ONE. The weekly outdoor market in Lucca is the place to buy clothes, shoes, paper towels, toys, produce and just about anything else you need. We strolled and shopped the entire market on a closed street. It was about the length of two football fields and had vendors on both sides. We bought tablecloths and a bottle opener. At the very end of the market, there was a roast chicken/fried veggie food truck. We couldn’t resist sharing a yummy short skewer of peppers, pork and chicken. Just a few bites each to to prep us for lunch.
We rambled on through town enjoying the sunshine, stopping to take pictures in the circle of tall buildings built right on top of the old roman amphitheater. Did I tell you there was an entire roman town under Lucca? Much of Italy is built in layers.
TWO. While window shopping, we saw a weaving shop with the loom right there and gorgeous goods in the window. We went in and stayed for half an hour, chatting with the proprietress/weaver and her miniature Lassie dog. Lucca was the end of the Silk Road way back when so making fine thread, yarn and fabric is a tradition. The loom was loaded with blue and cream silk thread that would become a fine table runner. It was a beautiful shop and we moved a good bit closer to our duty free limit in there!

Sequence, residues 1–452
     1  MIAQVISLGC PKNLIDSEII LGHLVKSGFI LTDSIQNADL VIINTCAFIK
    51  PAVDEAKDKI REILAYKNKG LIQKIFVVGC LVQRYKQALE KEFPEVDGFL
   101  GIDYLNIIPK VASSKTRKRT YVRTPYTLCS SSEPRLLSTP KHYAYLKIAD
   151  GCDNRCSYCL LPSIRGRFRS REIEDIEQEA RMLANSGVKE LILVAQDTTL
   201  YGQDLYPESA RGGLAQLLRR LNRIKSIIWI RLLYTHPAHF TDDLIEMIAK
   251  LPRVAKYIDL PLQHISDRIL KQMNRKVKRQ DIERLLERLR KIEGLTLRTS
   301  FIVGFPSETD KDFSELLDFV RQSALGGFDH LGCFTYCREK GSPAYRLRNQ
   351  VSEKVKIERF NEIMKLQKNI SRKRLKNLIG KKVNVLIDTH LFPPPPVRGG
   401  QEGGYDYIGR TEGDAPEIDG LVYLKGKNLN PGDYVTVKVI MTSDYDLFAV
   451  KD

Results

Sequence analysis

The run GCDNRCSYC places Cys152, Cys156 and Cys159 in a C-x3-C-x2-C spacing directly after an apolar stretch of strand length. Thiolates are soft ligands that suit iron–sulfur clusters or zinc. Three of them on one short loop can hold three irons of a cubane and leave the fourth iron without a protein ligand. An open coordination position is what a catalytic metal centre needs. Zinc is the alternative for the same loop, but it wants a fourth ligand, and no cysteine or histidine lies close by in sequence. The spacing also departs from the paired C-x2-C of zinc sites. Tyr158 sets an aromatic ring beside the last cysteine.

THREE. In 1910 Felice Marche and his family came down from the mountains above Lucca bringing chestnuts and coal with them. They started serving chestnut cakes and red wine on a stone table and never left. Da Felice Pizzeria is still in the same family and in the same spot since 1960. You can stand or sit on the stools at the bar and the middle of the room will be full of people lined up to order at the counter. They spill into the street when it’s busy.
Da Felice serves pizza in quarters, halves or whole; savory, crispy, chickpea crepes called cecina; and for dessert, the traditional and slightly sweet chestnut flour cake folded and filled with fresh ricotta. We ordered all of the above with red wine and even managed to snag a couple of stools. Paul polished off half a pizza margherita while I polished off the local specialties.
We enjoyed watching several families with small children crowd in for warm cecina to ward off the cold and chatted with a South African woman whose husband was a visiting professor at the university in Pisa. Cozy place.
FOUR. I loved the ceiling of a bedroom chamber at Palazzo Mansi, one of the National Museums in Lucca. The Mansis were a merchant family, another Silk Road connection, and seem to have done well for themselves. The flowers and stone are part of the painting too. The whole thing is supposed to induce sleep. It is so sweet, I think it would.
FIVE. Finally, the Boccherini Music School on the piazza facing our apartment building. From the terrace or an open window we heard beautiful music floating through the air. Luigi Boccherini was a composer from Lucca. His work in the 1700′s greatly influenced the development of string quartets and quintets.